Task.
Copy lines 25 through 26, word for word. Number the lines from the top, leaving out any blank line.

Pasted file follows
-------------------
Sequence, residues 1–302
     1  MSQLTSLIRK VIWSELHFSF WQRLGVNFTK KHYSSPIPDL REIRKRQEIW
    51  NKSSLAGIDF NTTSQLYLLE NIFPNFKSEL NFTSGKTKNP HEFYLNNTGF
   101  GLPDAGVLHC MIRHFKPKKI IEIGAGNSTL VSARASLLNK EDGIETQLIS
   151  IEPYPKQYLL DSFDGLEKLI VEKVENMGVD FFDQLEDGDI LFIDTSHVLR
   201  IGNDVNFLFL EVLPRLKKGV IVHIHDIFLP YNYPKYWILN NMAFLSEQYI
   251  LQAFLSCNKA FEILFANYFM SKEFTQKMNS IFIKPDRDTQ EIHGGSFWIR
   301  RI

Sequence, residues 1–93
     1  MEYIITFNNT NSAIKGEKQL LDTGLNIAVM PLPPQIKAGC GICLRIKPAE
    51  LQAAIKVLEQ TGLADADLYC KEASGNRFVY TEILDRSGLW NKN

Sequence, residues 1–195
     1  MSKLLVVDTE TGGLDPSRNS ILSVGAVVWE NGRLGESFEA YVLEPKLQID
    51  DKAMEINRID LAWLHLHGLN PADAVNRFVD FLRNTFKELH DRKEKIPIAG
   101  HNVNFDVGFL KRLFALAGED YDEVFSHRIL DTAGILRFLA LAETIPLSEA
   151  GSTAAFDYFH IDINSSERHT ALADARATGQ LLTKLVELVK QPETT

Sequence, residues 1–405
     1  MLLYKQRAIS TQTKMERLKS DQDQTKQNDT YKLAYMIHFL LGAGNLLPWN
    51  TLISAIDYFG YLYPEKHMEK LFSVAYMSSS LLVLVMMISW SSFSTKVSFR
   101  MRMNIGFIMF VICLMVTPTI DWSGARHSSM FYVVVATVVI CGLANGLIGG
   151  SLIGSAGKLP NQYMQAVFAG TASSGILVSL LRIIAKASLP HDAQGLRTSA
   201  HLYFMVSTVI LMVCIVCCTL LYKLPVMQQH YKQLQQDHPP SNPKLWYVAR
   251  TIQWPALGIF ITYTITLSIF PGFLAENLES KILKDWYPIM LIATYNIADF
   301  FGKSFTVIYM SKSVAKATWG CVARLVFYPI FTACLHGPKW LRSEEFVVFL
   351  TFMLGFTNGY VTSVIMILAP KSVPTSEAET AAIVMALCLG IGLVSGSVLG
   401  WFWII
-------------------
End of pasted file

   351  TFMLGFTNGY VTSVIMILAP KSVPTSEAET AAIVMALCLG IGLVSGSVLG
   401  WFWII